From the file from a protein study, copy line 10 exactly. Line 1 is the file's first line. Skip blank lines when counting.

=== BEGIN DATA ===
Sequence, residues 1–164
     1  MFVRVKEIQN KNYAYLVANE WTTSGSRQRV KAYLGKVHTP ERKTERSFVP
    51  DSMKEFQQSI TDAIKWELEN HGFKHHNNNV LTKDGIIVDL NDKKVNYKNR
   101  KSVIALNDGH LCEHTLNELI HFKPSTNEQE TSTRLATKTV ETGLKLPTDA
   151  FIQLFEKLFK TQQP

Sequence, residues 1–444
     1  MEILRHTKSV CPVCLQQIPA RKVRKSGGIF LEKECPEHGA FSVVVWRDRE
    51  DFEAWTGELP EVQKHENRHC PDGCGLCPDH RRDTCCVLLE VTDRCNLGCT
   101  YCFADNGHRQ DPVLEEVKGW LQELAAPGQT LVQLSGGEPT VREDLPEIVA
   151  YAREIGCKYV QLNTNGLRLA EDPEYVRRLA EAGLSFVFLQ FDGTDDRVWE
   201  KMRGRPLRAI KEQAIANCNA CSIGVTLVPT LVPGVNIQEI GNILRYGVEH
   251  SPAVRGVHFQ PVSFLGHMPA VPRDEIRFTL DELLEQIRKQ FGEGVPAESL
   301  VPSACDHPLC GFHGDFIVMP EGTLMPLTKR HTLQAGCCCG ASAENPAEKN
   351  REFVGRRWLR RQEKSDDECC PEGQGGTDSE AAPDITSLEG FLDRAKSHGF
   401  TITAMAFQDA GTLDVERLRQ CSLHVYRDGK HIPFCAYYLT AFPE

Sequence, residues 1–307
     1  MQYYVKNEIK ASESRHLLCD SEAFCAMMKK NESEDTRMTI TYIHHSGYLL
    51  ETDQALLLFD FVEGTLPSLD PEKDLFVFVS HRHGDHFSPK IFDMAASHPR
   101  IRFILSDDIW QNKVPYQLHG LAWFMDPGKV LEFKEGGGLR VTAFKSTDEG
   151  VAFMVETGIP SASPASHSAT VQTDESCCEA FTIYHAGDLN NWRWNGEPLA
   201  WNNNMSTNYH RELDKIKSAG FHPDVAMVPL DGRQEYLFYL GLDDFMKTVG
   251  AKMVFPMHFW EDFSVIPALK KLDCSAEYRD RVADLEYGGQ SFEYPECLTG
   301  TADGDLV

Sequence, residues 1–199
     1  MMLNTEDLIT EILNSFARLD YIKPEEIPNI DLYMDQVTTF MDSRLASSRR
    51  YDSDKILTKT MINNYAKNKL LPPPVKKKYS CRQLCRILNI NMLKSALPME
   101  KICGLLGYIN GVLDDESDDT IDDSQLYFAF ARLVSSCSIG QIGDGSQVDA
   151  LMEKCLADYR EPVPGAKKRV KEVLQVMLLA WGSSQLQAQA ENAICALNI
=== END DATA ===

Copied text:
   151  YAREIGCKYV QLNTNGLRLA EDPEYVRRLA EAGLSFVFLQ FDGTDDRVWE